Electric Lilly (2012)
AlternativeBefore I even listened to Nisha's Further South, I knew I’d hear smart and sturdy vocals. In the early 1980s she and I shared a few of the same college theatre courses and often bumped into each other during the 1990s.
So, I’ve had the opportunity to hear her sing many times throughout our 30-some-odd year history.
After I listened to the 2012 Electric Lilly release, I was pleasantly surprised to discover that the one name musician has fully come into her own as a singer-songwriter and written an impressive collection of musical theatre based songs.
Doo-wop soul encased in off-Broadway skin, “Never Goin' Back To Memphis” is an emotional eulogy that best illustrates her ability to weave personal, character-driven story lines into melodies that naturally generate dramatic lyrics:
She could always make a house a home/Through troubled waters sing the blues/I guess that you might say she paid her dues/And through the years she would smile and sing away the pain/for her it always poured when it would rain
Vivid imagery is a hallmark of the title track as well. An easy breezy ode to California sunshine and cross-country road trips, it features surf-pop guitar fills joined with a touch of Nashville country twang that takes you back to the “Pulp Fiction” soundtrack and makes going somewhere you've never been a really cool ride.
Even cooler than a cross-country road trip, “Keep Me Warm”, a poetic proclamation of love and acceptance, details the sensitive afterglow of lovemaking. Sandra Castillo of the San Diego Troubadour Newspaper said it “has flourishes of Melissa Etheridge” and she’s right.
Nisha's vocal range is in the same vicinity as Etheridge’s and the tune shares the same crescendo-building form and open-arm longing as “Come To My Window” and “I’m The Only One” (Yes I Am, Island 1993).
By far the boldest track on the CD, “Lost One” combines the anthemic roots of U2’s “Sunday Bloody Sunday” with the rebellious swagger of Pat Benatar’s “Love Is A Battlefield”. 3 minutes and 7 seconds into this harsh examination of contemporary homelessness, drummer Bill Ray (Ike Turner), sounds the call. His military drummer boy hits drive the army of Have Nots out onto the battlefield of social injustice, with the color-bearer nearby wielding a tattered American flag.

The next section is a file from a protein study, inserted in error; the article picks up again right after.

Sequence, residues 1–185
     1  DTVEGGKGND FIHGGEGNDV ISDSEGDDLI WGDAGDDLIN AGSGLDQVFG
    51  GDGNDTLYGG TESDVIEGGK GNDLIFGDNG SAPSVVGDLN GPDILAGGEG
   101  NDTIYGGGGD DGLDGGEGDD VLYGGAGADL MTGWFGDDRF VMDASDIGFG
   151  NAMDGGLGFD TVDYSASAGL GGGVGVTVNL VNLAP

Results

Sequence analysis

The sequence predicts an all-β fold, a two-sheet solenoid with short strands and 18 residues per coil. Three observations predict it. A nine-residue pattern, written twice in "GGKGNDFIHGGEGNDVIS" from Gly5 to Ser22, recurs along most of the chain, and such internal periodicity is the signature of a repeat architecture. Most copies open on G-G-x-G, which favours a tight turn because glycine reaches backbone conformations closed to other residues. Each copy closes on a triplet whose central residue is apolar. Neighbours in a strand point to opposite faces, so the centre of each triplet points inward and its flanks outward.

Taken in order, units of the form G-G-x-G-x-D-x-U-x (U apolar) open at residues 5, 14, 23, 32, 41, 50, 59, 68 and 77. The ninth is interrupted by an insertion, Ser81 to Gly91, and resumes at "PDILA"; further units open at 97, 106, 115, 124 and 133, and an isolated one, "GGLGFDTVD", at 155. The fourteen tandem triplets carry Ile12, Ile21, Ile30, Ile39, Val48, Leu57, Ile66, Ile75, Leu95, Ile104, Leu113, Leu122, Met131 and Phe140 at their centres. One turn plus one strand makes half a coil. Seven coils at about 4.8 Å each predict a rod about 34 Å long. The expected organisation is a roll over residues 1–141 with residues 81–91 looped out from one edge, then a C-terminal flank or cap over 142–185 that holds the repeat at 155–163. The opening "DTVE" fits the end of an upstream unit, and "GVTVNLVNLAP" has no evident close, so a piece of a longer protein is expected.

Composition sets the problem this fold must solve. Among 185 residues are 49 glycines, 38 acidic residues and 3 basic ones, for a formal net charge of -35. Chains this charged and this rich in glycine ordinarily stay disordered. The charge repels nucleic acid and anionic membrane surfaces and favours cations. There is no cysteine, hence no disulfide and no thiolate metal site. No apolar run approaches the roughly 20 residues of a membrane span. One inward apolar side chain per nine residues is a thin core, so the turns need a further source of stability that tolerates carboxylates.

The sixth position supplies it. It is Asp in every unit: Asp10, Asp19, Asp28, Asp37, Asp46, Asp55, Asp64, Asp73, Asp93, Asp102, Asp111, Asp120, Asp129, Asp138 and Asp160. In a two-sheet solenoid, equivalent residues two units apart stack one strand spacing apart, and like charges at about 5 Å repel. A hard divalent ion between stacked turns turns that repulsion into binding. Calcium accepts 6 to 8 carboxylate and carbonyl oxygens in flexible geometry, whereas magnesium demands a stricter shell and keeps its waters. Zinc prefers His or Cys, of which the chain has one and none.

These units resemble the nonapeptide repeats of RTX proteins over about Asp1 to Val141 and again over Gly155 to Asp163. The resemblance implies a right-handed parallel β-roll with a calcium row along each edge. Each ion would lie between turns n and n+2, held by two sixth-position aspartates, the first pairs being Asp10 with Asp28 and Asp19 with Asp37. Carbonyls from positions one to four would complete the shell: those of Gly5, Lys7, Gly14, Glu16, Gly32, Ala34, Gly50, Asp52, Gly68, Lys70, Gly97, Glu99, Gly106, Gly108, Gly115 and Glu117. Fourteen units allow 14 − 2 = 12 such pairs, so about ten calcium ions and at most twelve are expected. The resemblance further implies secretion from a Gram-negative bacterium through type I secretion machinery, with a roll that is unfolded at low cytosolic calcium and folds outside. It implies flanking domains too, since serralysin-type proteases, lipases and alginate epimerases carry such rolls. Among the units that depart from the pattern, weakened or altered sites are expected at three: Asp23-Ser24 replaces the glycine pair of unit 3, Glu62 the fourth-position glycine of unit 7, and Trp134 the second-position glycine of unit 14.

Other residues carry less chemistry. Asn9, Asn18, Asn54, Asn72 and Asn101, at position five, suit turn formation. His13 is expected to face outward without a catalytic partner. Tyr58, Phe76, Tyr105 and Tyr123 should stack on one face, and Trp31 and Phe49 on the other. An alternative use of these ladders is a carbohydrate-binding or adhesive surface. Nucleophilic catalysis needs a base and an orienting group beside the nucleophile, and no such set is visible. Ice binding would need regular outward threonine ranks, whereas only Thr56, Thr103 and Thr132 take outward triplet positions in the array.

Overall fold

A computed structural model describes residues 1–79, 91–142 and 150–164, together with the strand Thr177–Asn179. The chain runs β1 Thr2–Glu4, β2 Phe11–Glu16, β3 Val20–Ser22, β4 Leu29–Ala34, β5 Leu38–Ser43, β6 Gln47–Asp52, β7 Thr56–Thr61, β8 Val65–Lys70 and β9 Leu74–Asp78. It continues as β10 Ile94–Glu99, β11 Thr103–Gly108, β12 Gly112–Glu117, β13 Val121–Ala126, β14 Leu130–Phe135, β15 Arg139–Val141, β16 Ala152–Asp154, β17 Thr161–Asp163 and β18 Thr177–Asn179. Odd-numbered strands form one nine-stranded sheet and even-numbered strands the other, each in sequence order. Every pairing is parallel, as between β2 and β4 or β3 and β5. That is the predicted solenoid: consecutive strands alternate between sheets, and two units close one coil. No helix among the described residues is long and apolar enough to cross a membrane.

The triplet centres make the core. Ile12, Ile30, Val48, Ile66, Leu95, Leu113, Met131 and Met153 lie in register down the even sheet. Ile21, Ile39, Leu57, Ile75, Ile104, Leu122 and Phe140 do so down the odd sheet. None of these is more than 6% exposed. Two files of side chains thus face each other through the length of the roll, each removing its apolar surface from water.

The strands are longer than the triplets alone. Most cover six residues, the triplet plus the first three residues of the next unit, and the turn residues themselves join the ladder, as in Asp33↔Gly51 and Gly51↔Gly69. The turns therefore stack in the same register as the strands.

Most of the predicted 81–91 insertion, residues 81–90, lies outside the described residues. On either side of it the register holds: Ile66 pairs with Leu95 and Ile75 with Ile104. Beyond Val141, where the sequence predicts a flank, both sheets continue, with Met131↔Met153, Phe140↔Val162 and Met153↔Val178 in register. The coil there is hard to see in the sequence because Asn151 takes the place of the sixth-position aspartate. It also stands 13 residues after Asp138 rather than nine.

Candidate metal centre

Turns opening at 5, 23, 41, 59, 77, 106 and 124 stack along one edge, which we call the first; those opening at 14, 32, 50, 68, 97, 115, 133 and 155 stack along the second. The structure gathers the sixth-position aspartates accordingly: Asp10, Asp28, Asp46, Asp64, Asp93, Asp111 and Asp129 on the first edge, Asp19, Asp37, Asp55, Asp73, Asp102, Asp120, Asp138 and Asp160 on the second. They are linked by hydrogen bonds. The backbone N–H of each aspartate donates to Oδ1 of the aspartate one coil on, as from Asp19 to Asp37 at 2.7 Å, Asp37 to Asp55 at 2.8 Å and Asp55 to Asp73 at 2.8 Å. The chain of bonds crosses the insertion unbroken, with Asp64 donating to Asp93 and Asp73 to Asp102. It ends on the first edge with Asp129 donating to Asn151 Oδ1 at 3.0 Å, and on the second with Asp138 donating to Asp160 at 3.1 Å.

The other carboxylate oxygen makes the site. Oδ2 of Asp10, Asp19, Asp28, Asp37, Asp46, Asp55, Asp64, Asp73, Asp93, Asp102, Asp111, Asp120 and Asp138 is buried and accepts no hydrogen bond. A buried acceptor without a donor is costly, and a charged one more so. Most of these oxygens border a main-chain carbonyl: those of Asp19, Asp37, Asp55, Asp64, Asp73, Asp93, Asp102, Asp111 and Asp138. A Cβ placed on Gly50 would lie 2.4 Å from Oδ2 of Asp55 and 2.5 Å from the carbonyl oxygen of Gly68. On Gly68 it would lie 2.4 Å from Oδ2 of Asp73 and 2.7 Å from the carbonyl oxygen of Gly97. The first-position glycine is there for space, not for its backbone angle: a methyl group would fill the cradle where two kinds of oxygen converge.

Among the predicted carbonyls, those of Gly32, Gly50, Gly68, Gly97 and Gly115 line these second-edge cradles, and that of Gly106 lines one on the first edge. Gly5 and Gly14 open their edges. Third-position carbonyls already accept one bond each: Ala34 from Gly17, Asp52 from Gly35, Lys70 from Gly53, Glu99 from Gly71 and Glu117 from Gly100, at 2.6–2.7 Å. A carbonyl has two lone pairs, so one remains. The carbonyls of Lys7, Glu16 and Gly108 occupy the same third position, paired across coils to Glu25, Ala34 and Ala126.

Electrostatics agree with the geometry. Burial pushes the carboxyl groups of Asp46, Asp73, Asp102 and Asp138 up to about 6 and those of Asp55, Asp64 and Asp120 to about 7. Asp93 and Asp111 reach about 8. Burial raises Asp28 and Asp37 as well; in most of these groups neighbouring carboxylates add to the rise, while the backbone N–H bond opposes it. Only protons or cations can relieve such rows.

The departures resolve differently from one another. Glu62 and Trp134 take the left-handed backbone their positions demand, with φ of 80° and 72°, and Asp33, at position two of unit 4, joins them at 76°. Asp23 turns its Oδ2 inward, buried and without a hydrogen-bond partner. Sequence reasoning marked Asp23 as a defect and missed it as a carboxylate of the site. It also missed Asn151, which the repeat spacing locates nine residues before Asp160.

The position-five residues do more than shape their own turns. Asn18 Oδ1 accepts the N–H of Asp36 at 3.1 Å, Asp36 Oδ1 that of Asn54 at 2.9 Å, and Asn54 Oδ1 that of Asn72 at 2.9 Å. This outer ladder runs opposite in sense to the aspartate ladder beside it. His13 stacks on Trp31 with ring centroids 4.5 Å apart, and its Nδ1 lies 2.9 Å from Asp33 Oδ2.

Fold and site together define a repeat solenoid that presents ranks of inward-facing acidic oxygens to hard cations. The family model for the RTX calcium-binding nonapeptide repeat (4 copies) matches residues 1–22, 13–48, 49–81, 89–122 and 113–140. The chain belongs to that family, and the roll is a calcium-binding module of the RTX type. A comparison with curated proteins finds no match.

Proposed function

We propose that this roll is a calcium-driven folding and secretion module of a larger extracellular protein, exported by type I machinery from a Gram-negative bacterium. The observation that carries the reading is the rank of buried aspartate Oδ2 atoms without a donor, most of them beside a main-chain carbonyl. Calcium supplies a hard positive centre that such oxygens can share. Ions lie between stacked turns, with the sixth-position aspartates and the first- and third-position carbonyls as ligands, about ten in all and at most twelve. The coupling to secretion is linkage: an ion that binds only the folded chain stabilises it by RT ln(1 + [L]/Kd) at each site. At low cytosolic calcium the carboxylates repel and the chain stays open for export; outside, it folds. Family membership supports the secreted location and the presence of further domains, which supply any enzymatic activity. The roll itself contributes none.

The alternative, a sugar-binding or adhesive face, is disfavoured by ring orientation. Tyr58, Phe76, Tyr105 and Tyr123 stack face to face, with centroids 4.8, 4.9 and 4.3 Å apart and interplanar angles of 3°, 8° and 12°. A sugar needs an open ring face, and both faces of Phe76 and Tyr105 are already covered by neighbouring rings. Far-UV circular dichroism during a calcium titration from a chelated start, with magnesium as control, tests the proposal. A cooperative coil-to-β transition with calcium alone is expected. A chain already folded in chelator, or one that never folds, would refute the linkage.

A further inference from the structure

At 3 minutes and 48 seconds, Peter Bolland’s guitar licks lead the charge into battle and by the 4 minute mark he declares victory in a way that is so right, you’ll want to play the entire section over and over again just to feel exactly how right it is.
Multi-instrumentalist and project producer Sven-Erik Seaholm’s bass doesn’t anchor the track the way a bass line normally does. This one consists of two half sections where the bass blends into the lower tones of the rhythm guitar part. One half buried bass, plus one half lower tones equals one whole bass line. It’s an interesting way to split the rhythm section and works for this particular effort.
The bass line on “Love’s Angel” speaks loud and clear (think “Black Velvet” by Alannah Myles). There’s no call and response on this gritty blues number, but it isn't necessary. The Ohio native's character-driven lyrics place us, like a fly on the wall, in the bordello with Daddy who, after a long search, finds his Baby there wearing a black garter and a bra. Vivid imagery, tailor made for the theatre.
Nisha is indeed a smart singer and a sturdy vocalist. No vocal gymnastics or scale runs here. Just a smoky contralto’s belly-of-the-note approach to phrasing that gets her point across, the end result of which is an impressive collection of skillfully crafted songs.
Must Hear: “Love’s Angel”, “So He Won’t Marry You”
CD cover art courtesy of
Nisha Catron and Electric Lilly